NEW DELHI: India’s rural unemployment rate fell to a four-month low in the week ended 12 July aided by good monsoon rains, better sowing of summer crop and return of segments of migrants to workplaces in urban areas.
Rural job loss rate fell to 6.34% in the week ended 12 July from 7.78% in the previous week, according to fresh data from the Centre of Monitoring Indian Economy (CMIE). This is even lower than the unemployment rate reported in the week ended 22 March, immediately before the lockdown was imposed on 25 March.
This is the lowest unemployment rate for rural India since week ended 15 March when it was at 6.07%.
The overall unemployment rate came down to 7.44% in the week ended 12 July from 8.87% in the previous week.
Economists said agricultural sector has shown a good potential to absorb people this year as good monsoon has aided expansion of sowing activities. The aggressive push for national rural employment guarantee scheme and return of tens of thousands of migrants to urban areas for livelihood reasons has helped the rural jobs scenario improve.
According to government data, kharif crop acreage rose 44% year-on-year to 58 million hectares as of last week.
“The cooling off of the rural unemployment is due to expanding farming activities, aggressive MGNREGA push in rural India, and gradual return of migrants to their ex-employers in cities and industrial belts,” said K.R. Shyam Sundar, a labour economist and professor at XLRI Jamshedpur.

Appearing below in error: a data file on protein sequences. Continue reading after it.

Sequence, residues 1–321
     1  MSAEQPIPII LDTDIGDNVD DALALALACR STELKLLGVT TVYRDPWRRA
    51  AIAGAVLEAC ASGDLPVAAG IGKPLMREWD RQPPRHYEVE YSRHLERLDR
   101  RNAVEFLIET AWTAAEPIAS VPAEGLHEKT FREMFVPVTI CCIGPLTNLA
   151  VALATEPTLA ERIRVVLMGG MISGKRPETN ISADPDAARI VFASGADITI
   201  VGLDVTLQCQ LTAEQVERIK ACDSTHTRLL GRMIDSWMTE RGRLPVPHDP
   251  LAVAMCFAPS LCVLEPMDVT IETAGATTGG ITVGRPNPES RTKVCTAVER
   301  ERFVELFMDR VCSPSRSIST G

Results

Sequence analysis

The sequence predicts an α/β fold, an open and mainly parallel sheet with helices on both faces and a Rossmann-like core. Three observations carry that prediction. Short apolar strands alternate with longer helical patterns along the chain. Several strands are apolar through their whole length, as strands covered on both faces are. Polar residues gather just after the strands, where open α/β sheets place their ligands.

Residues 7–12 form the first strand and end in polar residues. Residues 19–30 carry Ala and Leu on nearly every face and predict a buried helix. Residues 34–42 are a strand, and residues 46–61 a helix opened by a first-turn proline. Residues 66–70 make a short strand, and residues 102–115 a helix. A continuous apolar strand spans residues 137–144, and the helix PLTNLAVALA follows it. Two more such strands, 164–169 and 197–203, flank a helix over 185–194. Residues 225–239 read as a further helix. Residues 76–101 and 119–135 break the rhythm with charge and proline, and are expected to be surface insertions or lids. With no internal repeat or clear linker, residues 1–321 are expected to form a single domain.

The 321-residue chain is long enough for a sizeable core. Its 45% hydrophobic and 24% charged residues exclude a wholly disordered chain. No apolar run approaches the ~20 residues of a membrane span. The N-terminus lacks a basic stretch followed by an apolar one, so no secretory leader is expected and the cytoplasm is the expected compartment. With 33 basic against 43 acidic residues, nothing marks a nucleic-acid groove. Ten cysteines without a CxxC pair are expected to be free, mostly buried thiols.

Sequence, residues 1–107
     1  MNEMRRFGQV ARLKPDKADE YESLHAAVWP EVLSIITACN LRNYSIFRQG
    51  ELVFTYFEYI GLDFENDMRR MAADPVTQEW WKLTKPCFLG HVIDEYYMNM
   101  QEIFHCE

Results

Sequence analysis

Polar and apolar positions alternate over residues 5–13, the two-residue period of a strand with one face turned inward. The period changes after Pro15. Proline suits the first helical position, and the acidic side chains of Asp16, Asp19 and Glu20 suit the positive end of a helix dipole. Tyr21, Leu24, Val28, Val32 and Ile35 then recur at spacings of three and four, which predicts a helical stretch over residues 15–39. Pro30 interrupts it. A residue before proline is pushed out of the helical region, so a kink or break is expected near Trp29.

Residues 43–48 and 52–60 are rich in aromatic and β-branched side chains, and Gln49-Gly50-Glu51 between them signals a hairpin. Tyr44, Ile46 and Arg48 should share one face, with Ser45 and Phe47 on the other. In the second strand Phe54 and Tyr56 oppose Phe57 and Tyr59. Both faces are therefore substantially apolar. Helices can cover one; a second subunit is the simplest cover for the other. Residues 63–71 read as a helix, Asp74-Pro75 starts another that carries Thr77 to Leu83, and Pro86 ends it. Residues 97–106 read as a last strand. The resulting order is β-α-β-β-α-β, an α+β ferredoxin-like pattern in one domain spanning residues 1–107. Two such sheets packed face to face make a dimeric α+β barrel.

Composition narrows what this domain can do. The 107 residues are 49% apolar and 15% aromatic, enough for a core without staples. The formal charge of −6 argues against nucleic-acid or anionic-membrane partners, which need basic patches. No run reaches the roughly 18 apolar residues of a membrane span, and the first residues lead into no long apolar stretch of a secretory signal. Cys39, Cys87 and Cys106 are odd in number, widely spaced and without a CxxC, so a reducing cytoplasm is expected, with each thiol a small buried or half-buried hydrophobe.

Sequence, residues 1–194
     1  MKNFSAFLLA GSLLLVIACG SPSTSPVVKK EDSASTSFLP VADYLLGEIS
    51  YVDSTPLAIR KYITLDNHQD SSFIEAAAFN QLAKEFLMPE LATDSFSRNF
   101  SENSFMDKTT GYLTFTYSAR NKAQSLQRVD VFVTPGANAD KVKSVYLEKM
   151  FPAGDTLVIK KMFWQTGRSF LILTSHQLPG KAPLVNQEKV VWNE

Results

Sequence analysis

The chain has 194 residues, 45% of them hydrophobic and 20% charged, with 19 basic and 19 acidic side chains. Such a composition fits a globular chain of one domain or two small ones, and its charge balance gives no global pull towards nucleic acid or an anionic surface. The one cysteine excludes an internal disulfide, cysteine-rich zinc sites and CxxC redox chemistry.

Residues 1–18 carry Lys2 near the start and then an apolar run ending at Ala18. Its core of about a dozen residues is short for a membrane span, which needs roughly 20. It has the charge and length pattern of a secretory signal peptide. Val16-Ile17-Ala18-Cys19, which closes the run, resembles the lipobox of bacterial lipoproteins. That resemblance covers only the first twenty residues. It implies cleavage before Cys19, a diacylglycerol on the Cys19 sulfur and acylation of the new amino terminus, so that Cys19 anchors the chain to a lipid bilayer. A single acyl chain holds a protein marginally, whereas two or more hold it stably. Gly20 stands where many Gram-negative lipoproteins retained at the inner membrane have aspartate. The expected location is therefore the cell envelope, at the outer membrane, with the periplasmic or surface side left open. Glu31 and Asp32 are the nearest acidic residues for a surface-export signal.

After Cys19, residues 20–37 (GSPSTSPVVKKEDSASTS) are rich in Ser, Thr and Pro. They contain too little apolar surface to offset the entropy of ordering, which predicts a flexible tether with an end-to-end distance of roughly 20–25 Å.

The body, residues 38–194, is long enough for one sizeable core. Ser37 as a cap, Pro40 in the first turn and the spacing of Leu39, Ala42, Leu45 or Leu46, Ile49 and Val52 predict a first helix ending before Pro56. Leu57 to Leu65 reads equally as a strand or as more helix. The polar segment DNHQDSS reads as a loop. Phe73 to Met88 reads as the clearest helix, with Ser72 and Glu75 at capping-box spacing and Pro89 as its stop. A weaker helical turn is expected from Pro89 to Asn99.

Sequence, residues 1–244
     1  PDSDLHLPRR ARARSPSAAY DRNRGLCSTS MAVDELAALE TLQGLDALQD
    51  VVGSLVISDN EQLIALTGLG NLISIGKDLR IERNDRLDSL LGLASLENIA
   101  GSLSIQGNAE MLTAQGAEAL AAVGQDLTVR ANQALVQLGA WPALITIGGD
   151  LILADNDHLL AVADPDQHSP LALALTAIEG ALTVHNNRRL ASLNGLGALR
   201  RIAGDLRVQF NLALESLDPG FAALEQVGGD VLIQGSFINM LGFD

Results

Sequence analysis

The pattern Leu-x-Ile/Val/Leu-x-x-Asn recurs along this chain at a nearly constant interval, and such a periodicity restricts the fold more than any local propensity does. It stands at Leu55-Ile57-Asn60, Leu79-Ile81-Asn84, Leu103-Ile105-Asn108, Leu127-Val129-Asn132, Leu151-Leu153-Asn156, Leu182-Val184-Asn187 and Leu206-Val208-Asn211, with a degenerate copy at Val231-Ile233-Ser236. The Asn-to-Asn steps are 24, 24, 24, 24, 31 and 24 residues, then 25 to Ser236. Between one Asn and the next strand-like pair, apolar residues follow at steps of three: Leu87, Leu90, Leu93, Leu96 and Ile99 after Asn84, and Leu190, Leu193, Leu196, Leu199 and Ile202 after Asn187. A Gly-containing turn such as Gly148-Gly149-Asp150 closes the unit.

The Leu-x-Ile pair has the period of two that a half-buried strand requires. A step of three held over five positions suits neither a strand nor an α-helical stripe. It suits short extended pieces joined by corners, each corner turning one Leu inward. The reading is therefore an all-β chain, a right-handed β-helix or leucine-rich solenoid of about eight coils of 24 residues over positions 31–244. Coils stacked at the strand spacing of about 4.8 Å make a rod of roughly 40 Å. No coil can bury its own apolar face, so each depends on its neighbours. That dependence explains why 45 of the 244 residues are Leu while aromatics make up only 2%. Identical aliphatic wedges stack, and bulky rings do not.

“But, one must realize that this improvement in rural employment scenario is institutionalizing informality. The job loss of formal sector, the layoffs that we are witnessing is leading to self-unemployment and other odd works including agricultural work,” Shyam Sundar said adding that urban India will continue with its stubborn unemployment scenario.
According to CMIE data, urban unemployment continues to remain sticky though it fell 1.3 percentage points in the week to 12 July over the previous week mimicking the urban realities in current crisis. CMIE said urban unemployment rate tapered to 9.92% in the week to 12 July over the week to 5 July which is still much higher that the pre-covid weeks.
The cooling off of the urban job loss rate slightly is an outcome of gradual but constant unlocking process and increase in normal trading activities including at local markets, self-employment avenues etc, Shyam Sundar added.
“Those who are coming back to their previous employers due to demand in the workplace are only representing replacement jobs and nor representing new jobs. For example, an MSME owner who has started operation with limited capacity, is ready to take back his ex-employees and give them salary. That will reduce unemployment without creating new jobs. But remember the fresh lockdowns in cities like Bengaluru and Pune will have an impact on the jobs space this week,” Shyam Sundar added.